A Paleoeconomic Theory of Co‐Evolution and Extinction of Domesticable Animals

AuthorErwin Bulte,Richard D. Horan,Jason F. Shogren
Publication Date01 May 2003
Date01 May 2003
Richard D. Horan*, Jason F. Shogren** and Erwin Bulte***
One Pleistocene mystery is why early North Americans eradicated their large,
potentially domesticable animals (e.g., horses), whereas early Europeans did not.
A commonly-held hypothesis is that European species were evasive due to co-
evolution with hominids, whereas North American animals were naı¨ve and unable
to adapt quickly enough when experienced human hunters arrived from Eurasia.
We explore this hypothesis with a paleoeconomic model of co-evolution that
integrates human hunting investments and wildlife population responses. We find
that investments in hunting ability, based on the relative scarcity of prey species,
could have mattered more than wildlife ‘naivety’ in explaining the extinction.
I Intro ductio n
Archaeologists, paleontologists, paleobiologists, and anthropologists have
identified several unsolved global puzzles including the origins of civilization,
agriculture, modern humans, the colonization of early humans, and why human
overkill might have caused a mass megafauna extinction (e.g., mammoths) at the
end of the Pleistocene (see Gamble, 1998; Brook and Bowman, 2002; Roberts
et al., 2001; Alroy, 2001; Choquenot and Bowman, 1998, Beck, 1996; Smith,
1975). And while many hypotheses have been put forth to address these puzzles,
no story has been universally accepted. Researchers have responded to the
challenge by turning to more formal analytical models to investigate various
aspects of these mysteries (Dark, 1995). A common feature of these models,
however, is their tendency to abstract away from behavioural responses to
economic stimuli. These models have largely focused on biological explanations
(e.g., in the case of the Neanderthal extinction; see Flores, 1998), or on results
from mechanistic models of human-environment interactions that lack
Michigan State University
University of Wyoming
Tilburg Univeristy, Netherlands
Scottish Journal of Political Economy, Vol. 50, No. 2, May 2003
rScottish Economic Society 2003, Published by Blackwell Publishing Ltd, 9600 Garsington Road, Oxford OX4 2DQ,
UK and 350 Main Street, Malden, MA 02148, USA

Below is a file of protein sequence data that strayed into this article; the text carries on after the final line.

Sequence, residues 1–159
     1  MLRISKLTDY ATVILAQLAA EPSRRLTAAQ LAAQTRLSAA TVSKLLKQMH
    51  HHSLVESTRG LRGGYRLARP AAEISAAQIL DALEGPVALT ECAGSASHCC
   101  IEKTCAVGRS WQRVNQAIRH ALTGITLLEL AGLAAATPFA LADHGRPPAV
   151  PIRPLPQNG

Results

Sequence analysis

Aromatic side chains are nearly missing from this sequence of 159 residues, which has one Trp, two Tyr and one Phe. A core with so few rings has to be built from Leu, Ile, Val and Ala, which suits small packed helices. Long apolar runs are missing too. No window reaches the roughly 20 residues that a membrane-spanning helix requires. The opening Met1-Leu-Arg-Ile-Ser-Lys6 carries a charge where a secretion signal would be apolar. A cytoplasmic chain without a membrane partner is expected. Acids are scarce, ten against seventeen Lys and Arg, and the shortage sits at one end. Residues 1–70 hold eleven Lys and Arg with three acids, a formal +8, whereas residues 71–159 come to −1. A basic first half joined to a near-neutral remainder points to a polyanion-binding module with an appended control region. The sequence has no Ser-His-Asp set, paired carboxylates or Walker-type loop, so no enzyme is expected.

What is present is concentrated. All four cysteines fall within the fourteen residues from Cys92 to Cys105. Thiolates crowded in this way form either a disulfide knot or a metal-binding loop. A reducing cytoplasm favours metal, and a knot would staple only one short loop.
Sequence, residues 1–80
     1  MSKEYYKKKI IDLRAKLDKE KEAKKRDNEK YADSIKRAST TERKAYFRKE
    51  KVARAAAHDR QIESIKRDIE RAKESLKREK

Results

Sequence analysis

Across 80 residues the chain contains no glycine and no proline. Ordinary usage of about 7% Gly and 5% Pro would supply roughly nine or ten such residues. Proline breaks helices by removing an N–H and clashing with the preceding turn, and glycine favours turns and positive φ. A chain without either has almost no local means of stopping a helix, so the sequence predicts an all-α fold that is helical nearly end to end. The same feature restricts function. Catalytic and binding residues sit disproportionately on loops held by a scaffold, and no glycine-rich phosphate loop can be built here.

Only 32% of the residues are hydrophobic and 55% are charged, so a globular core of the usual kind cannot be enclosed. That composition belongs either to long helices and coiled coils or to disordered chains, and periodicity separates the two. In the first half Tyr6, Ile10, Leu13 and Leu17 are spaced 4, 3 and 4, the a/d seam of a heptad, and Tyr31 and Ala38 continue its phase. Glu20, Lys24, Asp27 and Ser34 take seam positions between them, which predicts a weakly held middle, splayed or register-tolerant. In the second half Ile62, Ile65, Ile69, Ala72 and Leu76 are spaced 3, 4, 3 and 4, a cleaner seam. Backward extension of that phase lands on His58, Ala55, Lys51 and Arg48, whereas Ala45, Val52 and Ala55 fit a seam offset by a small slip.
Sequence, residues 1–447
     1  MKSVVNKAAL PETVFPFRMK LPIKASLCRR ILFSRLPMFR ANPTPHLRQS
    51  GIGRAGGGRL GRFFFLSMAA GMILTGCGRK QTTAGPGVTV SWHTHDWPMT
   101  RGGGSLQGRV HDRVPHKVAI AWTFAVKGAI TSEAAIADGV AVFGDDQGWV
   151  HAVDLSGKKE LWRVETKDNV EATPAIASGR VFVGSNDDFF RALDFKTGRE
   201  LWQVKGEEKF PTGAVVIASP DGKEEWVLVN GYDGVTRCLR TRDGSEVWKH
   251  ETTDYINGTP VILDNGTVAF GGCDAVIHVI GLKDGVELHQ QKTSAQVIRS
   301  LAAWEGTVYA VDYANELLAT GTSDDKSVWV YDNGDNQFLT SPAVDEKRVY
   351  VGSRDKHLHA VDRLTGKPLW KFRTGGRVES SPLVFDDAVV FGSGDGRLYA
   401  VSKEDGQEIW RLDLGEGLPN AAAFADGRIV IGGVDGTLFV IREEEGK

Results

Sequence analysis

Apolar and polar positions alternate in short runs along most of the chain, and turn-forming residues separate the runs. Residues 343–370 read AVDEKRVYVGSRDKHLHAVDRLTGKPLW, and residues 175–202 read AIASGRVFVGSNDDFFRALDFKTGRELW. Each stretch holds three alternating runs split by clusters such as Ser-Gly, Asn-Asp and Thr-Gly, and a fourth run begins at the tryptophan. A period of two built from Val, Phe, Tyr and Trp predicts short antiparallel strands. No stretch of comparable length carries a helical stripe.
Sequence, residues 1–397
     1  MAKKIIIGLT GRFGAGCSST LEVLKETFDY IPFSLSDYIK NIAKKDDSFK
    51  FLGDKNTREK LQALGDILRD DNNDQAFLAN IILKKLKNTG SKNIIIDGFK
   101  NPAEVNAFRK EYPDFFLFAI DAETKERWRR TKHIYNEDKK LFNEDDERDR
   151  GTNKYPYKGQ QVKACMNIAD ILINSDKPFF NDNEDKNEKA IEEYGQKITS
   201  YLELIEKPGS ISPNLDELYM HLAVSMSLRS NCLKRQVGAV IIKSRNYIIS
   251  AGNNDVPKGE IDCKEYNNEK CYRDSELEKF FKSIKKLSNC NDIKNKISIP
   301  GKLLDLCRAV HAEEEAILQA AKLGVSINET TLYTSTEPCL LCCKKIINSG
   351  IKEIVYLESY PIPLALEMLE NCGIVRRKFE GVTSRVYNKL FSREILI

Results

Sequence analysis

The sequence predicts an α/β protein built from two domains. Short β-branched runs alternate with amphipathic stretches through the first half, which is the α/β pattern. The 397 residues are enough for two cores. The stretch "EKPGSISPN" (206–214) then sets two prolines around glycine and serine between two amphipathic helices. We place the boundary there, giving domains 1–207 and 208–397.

fundamental behavioural components (e.g., in the case of megafauna extinction;
see Mosiman and Martin, 1975; Alroy, 2001).
But these paleo-puzzles have a common threadFthey all depend on human
While primitive in terms of their technologies, early humans are
believed to have had the same analytical capacities as modern humans
(Tattersall and Schwartz, 2000). One can envisage without apology that these
early humans responded to economic stimuli with some degree of rationality (see
Smith, 1975; Nerlove, 1991, 1993; Robson, 2001; Mithen, 1998). Since economic
forces have played integral roles in shaping societies through recorded history,
there is no reason to discount the influence of economic incentives in the pre-
historic dawning of humanity.
And while some economists have recognized the potential contribution that
economics might offer in addressing paleo-puzzles (Smith, 1991), research into
these behavioural underpinnings has been lacking.
In this paper we examine
whether an explicit accounting of economics matters in addressing one
important paleoeconomic puzzleFwhy did early North Americans eradicate
their large, potentially domesticable animals such as horses and camels, whereas
early humans preserved a similar group of animals in Europe? This question
matters because its final outcome has had global implications. Biologist Jared
Diamond (1992, 1997), for instance, argues that current patterns of power and
control of natural resources can be traced back to the question of domestication
of large animals. Domesticated animals facilitated agricultural production to
feed a growing population (cattle, horses), enabled countries to create powerful
armies (horses), and allowed people to develop resistance to germs and bugs that
animals carry. These factors explain why people who first domesticated large
mammals gained an advantage over the restFparticularly in the Americas
where the horse went extinct along with the vast majority (70–80% or more) of
the continents’ large mammals (e.g., the mammoth, giant ground sloth, camel
and dozens of others) (Diamond, 1992). Had Americans preserved these
animals, today’s world might look different.
Understanding the underlying behavioural forces that led to the extinction of
domesticable animals in America becomes important. One behavioural
The exception is the case of the evolution of certain traits possessed by early humans, as
developed in the economics literature.
The possible exception is the case of hominid origins.
The interaction between economic and biological systems is now known to be critically
important, as it must have been long ago when humans depended more on their environment
for survival. See for example Shogren and Crocker’s (1999) discussion on the lack of and need
for better integration of economics into the biology of environmental risk assessment; and
Crocker’s (2001) critique on how economic circumstances affect biological definitions of
resilience and biodiversity.
Smith (1975) and Nerlove (1993), for instance, suggest economic models might help explain
megafauna extinction. And in a related vein, Brander and Taylor (1998) develop an economic
model to explain cultural decline on Easter Island. Another exception is the area of human
evolution. Several studies explore how biological, economic, and environmental forces may
have affected the natural selection of certain human traits such as preferences and associated
economic behaviours (e.g., Robson, 2001, Rogers, 1994; Hansson and Stuart, 1990; Bergstrom,
1996) and inter-personal relationships (Bergstrom, 1996).
rScottish Economic Society 2003

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